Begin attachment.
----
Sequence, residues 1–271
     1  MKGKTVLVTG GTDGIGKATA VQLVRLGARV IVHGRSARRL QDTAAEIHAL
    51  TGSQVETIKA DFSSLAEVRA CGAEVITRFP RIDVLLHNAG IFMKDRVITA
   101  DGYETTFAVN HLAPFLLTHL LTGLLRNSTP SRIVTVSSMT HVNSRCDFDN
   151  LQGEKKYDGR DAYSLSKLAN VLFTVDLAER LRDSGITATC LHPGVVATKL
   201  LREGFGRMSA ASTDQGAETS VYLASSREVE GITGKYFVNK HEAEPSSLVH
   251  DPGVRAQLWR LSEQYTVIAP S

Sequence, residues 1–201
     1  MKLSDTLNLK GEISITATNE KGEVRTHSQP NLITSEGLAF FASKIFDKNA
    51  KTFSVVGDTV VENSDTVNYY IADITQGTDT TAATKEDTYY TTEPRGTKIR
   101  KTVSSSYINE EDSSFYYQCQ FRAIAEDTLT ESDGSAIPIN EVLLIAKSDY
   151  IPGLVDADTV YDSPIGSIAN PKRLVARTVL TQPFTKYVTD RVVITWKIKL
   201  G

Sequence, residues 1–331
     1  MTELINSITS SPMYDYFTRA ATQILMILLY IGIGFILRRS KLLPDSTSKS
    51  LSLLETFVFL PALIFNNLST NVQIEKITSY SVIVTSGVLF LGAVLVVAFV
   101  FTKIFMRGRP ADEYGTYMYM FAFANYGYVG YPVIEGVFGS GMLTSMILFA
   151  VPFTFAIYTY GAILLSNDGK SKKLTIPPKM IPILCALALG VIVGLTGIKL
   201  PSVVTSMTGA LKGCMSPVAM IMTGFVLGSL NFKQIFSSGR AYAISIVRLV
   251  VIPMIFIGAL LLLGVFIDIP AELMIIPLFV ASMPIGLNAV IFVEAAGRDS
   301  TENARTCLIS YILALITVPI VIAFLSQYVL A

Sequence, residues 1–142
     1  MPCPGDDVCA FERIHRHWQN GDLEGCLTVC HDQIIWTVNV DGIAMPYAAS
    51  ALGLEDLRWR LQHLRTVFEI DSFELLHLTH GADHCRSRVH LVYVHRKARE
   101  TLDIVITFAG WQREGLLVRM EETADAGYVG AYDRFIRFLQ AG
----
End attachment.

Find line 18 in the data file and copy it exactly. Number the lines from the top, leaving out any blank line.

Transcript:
   151  VPFTFAIYTY GAILLSNDGK SKKLTIPPKM IPILCALALG VIVGLTGIKL